Using CB Insights data, we took a historical look at how Didi Chuxing and Uber compare in their disclosed valuations.
As the two largest ride-hailing companies, Uber and Didi Chuxing have attracted billions in capital and soared to eye-popping valuations in recent years. The competition between the two most well-capitalized ride-hailing companies has now taken a new dimension with Uber selling its Chinese business to Didi Chuxing this week.
We’ve already highlighted the web of investors backing these top ride-hailing services (as well as their top counterparts in Asia outside of China). Using CB Insights data, we took a historical look at how these two ride-hailing giants — which are both “decacorns” or private companies valued at over $10B — compare in their disclosed valuations.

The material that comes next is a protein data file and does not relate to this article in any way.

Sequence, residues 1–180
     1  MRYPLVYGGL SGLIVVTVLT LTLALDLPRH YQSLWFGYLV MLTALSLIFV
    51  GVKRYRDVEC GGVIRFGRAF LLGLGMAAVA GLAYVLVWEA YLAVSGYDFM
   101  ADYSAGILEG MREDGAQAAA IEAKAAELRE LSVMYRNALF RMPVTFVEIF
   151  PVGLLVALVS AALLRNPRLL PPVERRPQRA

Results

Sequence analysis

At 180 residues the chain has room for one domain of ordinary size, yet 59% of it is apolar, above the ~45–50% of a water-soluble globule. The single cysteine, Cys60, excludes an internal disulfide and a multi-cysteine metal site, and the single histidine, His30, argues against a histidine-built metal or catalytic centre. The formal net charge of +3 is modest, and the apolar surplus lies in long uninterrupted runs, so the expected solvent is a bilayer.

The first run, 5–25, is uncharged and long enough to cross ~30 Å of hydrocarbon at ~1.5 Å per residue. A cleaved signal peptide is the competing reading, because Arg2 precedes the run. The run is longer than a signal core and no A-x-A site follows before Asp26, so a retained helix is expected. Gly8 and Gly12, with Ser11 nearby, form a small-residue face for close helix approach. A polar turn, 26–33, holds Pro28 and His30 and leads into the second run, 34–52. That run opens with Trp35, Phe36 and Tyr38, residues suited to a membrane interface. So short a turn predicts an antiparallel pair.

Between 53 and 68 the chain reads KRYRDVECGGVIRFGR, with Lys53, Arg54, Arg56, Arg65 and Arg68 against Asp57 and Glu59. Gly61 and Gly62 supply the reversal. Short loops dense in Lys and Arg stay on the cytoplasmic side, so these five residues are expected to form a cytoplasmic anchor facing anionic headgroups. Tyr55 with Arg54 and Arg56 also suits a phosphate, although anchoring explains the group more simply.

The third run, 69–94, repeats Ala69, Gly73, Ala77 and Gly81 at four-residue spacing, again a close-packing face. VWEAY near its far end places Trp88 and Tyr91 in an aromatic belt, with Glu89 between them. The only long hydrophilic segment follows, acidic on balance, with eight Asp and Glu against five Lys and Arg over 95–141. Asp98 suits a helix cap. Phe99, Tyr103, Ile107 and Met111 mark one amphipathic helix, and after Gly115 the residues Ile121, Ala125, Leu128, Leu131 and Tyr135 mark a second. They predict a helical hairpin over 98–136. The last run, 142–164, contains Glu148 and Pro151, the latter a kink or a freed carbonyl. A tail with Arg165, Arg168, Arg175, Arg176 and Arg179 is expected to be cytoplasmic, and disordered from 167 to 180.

Valuations over time
With a significant head start, Uber kicked off its first financing in late 2010 at a (now-unthinkable) $4M valuation. By late 2011, that figure had jumped up to $347M, and from there it has risen steadily as Uber attacked markets around the globe. Though it is now retreating from China with the divestment of its operations there, it secured a $1B investment from Didi Chuxing at a $68B valuation as part of the deal.
Meanwhile, Didi Chuxing‘s precursors — Kuaidi Dache and Didi Dache — were beginning to raise in mid-2013, later merging in Q1’15 at a $8.75B valuation for the merged entity. Since then, Didi’s valuation climbed up to $28B by midway through this year, focusing primarily on China (though also investing in its ex-Uber peers). Now combined with Uber China, said to be valued at up to $8B, the resultant $36B valuation represents just over half that of Uber’s.
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